The "Friends & Neighbors" deal gives the public access to Ford's supplier discount, known as "X-plan," which is generally higher than employee pricing and within $200 of the dealer invoice amount. Ford plans to run a "heavy" rotation of TV, print, radio and digital advertising to promote it, the guide explains.
"This is not your normal, 'Let's take $500 off a car,'" said Jim Seavitt, owner of Village Ford in Dearborn, Mich.
"Last time we did something like this was ... when things were pretty bad," Seavitt said. "They're aggressively trying to close the year out. They're after something that would be different, cut through the clutter and be very simplified."
Ford's dealer guide shows discounts of up to 10 percent of the suggested retail price and says they can be combined with other incentives it offers. In addition, the sale enables dealers to earn more from each transaction than they otherwise would -- for example, $126 more on a 2015 Focus and $471 more on a 2015 F-150.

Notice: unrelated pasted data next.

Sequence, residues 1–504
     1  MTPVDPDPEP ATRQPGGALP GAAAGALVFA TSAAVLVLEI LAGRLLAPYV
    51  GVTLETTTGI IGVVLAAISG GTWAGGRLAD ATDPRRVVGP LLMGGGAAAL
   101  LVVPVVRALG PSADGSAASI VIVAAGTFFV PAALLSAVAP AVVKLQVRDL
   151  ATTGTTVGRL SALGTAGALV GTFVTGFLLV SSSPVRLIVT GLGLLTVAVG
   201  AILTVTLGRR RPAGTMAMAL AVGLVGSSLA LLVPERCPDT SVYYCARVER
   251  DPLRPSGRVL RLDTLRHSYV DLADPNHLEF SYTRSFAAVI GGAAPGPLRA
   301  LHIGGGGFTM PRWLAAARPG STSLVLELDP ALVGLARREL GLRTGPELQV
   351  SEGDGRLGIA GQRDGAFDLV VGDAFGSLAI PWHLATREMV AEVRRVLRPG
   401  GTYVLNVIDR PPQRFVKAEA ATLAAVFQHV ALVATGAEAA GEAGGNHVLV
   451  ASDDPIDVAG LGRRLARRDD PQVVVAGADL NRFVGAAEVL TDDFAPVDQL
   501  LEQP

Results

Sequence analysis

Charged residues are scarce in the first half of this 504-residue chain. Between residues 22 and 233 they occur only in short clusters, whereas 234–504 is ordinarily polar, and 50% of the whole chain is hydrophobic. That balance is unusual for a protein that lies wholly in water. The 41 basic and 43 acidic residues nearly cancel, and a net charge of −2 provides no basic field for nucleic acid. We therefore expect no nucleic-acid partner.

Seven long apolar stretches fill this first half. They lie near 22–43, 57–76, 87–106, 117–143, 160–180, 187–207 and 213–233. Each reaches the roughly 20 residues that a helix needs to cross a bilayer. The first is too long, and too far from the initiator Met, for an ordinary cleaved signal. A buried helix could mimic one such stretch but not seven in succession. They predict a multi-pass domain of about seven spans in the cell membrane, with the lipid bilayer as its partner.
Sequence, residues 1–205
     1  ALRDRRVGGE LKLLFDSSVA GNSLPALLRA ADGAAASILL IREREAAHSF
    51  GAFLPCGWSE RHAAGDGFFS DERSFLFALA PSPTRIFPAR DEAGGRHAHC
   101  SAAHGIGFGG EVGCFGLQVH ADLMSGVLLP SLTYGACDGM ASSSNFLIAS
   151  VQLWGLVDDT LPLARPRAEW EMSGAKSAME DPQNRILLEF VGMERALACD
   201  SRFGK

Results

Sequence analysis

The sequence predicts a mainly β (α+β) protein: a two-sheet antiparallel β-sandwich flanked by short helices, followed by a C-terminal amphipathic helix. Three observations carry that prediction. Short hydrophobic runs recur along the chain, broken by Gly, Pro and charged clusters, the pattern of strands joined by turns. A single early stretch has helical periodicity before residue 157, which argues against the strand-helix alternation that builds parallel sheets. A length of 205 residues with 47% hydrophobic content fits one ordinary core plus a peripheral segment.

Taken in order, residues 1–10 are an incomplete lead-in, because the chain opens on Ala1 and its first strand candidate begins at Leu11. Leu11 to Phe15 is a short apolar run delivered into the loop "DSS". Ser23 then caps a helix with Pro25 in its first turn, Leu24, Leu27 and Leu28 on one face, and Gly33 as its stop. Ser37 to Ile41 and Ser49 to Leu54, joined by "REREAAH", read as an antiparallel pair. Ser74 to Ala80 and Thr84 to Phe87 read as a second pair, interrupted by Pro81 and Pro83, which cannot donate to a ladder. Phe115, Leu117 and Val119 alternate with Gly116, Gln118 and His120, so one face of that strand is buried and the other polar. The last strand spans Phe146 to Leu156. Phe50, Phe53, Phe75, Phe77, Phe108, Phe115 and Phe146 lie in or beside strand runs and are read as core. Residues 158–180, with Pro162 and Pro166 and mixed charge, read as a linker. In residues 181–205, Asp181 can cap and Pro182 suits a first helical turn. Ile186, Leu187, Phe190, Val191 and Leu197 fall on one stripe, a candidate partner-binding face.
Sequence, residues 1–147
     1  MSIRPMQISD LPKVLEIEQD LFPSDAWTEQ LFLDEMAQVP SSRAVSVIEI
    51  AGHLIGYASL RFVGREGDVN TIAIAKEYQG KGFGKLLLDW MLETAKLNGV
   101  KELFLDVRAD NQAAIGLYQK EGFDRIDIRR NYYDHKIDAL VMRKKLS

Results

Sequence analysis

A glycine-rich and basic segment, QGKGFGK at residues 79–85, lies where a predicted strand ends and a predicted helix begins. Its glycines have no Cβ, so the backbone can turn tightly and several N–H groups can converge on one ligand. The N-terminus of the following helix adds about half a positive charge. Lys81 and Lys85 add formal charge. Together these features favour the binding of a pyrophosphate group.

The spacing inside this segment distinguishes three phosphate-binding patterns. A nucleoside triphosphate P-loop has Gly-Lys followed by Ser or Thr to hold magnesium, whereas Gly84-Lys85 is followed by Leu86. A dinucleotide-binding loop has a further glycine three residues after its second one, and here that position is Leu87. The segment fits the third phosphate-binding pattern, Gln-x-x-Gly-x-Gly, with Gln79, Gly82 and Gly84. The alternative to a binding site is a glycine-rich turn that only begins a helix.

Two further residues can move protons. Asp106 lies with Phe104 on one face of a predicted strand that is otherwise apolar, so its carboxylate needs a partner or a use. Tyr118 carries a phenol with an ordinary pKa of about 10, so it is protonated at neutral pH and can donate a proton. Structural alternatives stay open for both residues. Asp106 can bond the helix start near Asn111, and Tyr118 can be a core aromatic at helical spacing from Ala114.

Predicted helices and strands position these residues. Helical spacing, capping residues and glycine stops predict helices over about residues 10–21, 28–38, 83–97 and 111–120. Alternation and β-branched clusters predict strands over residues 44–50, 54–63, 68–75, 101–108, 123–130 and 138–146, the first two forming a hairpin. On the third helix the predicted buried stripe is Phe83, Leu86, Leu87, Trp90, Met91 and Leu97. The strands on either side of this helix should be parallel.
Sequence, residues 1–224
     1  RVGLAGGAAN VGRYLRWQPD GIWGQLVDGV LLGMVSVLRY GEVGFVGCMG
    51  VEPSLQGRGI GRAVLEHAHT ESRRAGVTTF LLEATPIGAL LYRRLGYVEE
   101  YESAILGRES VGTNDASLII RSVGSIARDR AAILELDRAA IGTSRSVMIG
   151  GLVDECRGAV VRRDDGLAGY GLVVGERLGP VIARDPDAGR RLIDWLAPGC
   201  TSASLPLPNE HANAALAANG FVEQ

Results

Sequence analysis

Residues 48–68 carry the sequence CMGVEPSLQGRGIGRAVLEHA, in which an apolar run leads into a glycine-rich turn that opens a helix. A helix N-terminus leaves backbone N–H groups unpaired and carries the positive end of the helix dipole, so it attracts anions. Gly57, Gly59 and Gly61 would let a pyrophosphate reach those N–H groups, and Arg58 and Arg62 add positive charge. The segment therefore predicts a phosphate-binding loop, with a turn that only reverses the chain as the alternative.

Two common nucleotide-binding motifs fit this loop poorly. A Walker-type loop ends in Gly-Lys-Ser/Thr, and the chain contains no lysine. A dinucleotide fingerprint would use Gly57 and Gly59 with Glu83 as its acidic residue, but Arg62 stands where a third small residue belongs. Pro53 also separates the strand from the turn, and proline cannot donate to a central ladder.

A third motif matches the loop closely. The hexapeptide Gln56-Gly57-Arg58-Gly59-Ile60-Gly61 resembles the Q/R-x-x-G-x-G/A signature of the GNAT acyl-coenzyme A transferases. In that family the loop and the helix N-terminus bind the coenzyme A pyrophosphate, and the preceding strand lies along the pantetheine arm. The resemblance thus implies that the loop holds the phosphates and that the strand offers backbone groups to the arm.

It's unclear what most automakers have planned for November and December. A GM spokesman said the company doesn't plan to copy Ford.
"We're going to call our own tune," said the spokesman, Jim Cain. "We don't need to do one of these across the board programs because we're carrying a lot of momentum."
The $2.7 billion third-quarter profit Ford reported for North America last week and a $2,100 year-over-year gain in transaction prices as of September show that it has some room in its margins to market more aggressively.
"We don't want to buy the business," LaNeve told reporters in March. "We want to earn the business the right way, with product excellence and a great customer experience. It's God's work. We're working on it all the time to get the right message in the marketplace."